- List of contributors
- Introduction: A Diversity of Selves
- History as Prologue: Western Theories of the Self
- What is it Like to be a Newborn?
- Self in the Brain
- The Embodied Self
- Bodily Awareness and Self‐Consciousness
- The Sense of Body Ownership
- Phenomenological Dimensions of Bodily Self‐Consciousness
- Witnessing from Here: Self-Awareness from a Bodily versus Embodied Perspective
- The Minimal Subject
- The No‐Self Alternative
- Buddhist Non‐Self: The No‐Owner's Manual
- Unity of Consciousness and the Problem of Self
- Personal Identity
- On What we are
- On Knowing one's Self
- The Narrative Self
- The Unimportance of Identity
- Self‐Control in Action
- Moral Responsibility and the Self
- The Structure of Self‐Consciousness in Schizophrenia
- Multiple Selves
- Autism and the Self
- The Self: Growth, Integrity, and Coming Apart
- Our Glassy Essence: The Fallible Self in Pragmatist Thought
- The Social Construction of Self
- The Dialogical Self: A Process of Positioning in Space and Time
- Glass Selves: Emotions, Subjectivity, and the Research Process
- The Postmodern Self: An Essay on Anachronism and Powerlessness
- Self, Subjectivity, and the Instituted Social Imaginary
Abstract and Keywords
This article describes a neo-Aristotelian conception of self-control, a concept that seems essential to what it means to be a mature human person. It discusses the moral condition known as akrasia and the conception of self that underpins it. While Aristotle regarded the human self to be primarily rational where reason is taken in a strong sense, this article suggests a more holistic conception of the self, where to act out of passion may not mean that one is acting without self-control. This means that the kind of inner conflict associated with akrasia should not be explained purely in terms of rational versus irrational forces.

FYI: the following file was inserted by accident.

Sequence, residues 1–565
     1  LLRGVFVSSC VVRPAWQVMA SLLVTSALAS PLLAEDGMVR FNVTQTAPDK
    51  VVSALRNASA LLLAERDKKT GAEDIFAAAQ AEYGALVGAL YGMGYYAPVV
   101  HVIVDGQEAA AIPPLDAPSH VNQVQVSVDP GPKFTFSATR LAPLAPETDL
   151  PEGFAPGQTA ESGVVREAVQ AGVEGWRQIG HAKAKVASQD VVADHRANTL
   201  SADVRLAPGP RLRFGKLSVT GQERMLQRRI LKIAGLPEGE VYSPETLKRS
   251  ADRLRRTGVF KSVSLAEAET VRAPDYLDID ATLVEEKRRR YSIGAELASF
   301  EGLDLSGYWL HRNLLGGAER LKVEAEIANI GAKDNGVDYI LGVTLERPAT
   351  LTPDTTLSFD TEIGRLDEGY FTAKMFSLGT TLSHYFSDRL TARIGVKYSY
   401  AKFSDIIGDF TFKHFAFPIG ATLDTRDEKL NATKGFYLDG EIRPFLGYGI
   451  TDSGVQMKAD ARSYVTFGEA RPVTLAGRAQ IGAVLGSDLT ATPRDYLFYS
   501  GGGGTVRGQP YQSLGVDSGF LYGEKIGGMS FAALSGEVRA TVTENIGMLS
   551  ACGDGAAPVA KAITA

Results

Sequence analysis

Alfred R. Mele is the William H. and Lucyle T. Werkmeister Professor of Philosophy at Florida State University and director of the Big Questions in Free Will Project (2010–13). He is the author of Irrationality (1987), Springs of Action (OUP, 1992), Autonomous Agents (1995), Self-Deception Unmasked (2001), Motivation and Agency (OUP, 2003), Free Will and Luck (OUP, 2006), and Effective Intentions: The Power of Conscious Will (OUP, 2009). He also is the editor or coeditor of The Philosophy of Action (1997), Mental Causation (1993), The Oxford Handbook of Rationality (OUP, 2004), Rationality and the Good (2007), and Free Will and Consciousness: How Might They Work? (2010).
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